Glycemic Index Diet For Dummies
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In the early days of the glycemic index's popularity, experts appeared on television screens next to a table full of foods, talking about which ones were good and which ones were bad. Almost always they came to high-glycemic foods such as potatoes and watermelon and announced them as being equivalent to pure sugar.

First of all . . . of course foods that contain mostly carbohydrates are all sugar . . . all carbohydrates break down into sugar, so that's a bit of an unfair comment to begin with. But in the experts’ defense, they were operating with the glycemic index alone.

Thanks to the glycemic load, carrots and other high-glycemic fruits and veggies that got such a bad rap aren't considered so bad for you anymore. That's a darn good thing because those same fruits and veggies are loaded with important nutrients.

If you're one of those people following the old rules, or if you've been leery of following a low-glycemic diet because it puts certain foods such as watermelons in the “bad” category, take these foods off of your taboo list. The following foods not only have a low-glycemic load but are also healthy, low-calorie choices:

  • Cantaloupe (GI 65; GL 4): This fruit offers a full array of nutrients, including vitamin C, vitamin A, potassium, and fiber.

  • Papaya (GI 59; GL 10): This incredible fruit that you may not have eaten much has a rich, tropical taste and is high in vitamin A, vitamin C, potassium, folate, magnesium, and fiber.

  • Pineapple (GI 59; GL 7): Being a tropical fruit, pineapple is naturally loaded with vitamin C, but it also contains a special substance called bromelain, which has shown potential as an anti-inflammatory as well as a digestive aid.

  • Pumpkin (GI 75; GL 3): You can safely include pumpkin in your glycemic index diet thanks to its low-glycemic load of 3. This food is an excellent source of vitamins A and C as well as fiber. It's also wonderfully sweet and can be used in everything from soups to healthy desserts.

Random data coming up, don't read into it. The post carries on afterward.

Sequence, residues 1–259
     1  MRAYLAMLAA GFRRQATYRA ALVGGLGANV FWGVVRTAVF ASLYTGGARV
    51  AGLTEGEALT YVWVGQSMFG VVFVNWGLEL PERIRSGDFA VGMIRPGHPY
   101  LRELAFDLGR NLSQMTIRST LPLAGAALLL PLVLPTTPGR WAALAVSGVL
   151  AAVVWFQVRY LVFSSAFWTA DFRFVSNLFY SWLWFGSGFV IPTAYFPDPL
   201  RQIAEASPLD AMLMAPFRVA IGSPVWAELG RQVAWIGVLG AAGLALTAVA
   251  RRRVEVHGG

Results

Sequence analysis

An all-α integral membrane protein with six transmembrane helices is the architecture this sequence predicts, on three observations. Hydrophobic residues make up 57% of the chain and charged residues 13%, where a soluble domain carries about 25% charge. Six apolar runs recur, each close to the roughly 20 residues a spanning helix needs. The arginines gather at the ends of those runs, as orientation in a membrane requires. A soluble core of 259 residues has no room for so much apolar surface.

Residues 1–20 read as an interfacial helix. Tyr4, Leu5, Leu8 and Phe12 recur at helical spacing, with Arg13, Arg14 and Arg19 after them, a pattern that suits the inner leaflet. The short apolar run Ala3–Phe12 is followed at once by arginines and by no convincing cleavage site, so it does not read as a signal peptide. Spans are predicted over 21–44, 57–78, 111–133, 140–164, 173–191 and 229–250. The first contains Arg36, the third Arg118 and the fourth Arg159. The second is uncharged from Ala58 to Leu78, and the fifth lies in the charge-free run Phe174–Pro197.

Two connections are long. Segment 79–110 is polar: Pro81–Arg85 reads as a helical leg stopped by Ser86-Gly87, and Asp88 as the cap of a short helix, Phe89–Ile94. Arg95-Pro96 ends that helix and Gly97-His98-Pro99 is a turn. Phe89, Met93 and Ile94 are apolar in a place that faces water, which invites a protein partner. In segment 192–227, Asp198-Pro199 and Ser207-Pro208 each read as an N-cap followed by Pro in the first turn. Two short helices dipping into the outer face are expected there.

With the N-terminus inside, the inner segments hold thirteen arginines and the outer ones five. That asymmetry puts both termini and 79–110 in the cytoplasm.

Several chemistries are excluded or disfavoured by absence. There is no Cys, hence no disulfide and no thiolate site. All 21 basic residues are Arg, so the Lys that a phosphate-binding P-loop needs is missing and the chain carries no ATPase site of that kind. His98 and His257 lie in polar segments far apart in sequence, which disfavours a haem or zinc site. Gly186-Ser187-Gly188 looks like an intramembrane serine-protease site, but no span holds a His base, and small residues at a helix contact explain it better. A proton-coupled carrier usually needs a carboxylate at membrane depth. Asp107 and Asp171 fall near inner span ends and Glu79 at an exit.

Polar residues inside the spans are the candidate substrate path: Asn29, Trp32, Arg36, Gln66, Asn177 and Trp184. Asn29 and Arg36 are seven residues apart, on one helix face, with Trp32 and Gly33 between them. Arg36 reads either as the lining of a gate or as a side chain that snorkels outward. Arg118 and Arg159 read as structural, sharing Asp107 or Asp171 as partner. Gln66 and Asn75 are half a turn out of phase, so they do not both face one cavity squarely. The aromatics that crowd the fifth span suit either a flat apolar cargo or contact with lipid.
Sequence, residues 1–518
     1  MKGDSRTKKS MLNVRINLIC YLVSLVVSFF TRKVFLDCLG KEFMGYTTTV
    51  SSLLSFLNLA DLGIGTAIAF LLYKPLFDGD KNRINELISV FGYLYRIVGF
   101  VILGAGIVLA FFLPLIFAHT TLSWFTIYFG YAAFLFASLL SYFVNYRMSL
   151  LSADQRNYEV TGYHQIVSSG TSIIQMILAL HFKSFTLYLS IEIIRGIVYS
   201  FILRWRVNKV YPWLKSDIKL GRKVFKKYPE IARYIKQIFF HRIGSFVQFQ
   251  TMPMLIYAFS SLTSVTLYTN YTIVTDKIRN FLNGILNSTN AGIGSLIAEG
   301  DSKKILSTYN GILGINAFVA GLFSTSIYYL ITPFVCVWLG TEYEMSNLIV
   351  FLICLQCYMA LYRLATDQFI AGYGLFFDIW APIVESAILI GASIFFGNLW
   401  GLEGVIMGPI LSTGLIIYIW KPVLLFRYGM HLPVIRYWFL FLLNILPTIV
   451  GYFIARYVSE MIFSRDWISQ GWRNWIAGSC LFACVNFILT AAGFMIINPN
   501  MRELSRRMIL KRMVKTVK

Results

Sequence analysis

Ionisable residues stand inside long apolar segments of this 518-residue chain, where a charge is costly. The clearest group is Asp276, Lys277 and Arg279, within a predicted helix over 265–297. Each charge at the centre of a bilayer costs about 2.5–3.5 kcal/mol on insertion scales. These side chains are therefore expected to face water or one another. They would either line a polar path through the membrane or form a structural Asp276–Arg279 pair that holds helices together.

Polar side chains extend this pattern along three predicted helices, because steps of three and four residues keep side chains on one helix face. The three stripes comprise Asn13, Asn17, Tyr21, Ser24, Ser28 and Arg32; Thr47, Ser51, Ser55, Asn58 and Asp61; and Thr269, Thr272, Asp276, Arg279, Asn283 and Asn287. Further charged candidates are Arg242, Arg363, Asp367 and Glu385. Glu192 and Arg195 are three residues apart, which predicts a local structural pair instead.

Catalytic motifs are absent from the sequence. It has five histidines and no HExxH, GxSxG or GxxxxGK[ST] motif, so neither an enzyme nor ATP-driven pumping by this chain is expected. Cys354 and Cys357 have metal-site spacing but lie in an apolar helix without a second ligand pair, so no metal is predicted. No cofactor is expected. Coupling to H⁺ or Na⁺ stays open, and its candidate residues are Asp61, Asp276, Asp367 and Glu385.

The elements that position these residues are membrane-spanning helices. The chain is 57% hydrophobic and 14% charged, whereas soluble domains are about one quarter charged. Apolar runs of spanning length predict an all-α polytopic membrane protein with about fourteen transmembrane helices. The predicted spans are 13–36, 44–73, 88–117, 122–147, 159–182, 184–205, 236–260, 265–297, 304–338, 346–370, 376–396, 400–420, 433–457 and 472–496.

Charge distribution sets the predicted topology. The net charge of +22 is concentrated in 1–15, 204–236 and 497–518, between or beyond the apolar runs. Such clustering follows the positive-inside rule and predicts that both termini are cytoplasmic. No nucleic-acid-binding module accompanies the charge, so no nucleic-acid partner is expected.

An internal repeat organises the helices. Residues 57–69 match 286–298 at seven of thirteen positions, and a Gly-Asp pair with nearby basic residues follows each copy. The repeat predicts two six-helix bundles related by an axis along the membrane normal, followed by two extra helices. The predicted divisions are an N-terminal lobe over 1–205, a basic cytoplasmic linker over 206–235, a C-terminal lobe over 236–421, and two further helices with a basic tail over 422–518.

• Watermelon (GI 72; GL 4): This delicious summer fruit may at first look like a high-glycemic food with its glycemic index of 72, but it actually has a very low-glycemic load. Why? Because it's made up of a lot of water, hence the name. Watermelon is also loaded in antioxidants with high levels of both vitamin C and vitamin A. It also contains lycopene, which is shown to be helpful for heart health.

When you take glycemic load into account, you find that nearly all fruits and vegetables are acceptable on your low-glycemic diet.

This is an important realization because fruits and veggies (which are naturally low in calories) also provide the majority of nutrients and fiber in your diet. Including five to nine servings of fruits and vegetables in your diet will help you lose weight in a way that you can eat plenty of food and not starve yourself!

About This Article

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Meri Raffetto, RD, is the founder and developer of Real Living Nutrition Services, providing online weight loss programs to empower people to make small changes to achieve lasting results. Meri specializes in weight management and heart disease prevention and is a member of the American Dietetic Association.

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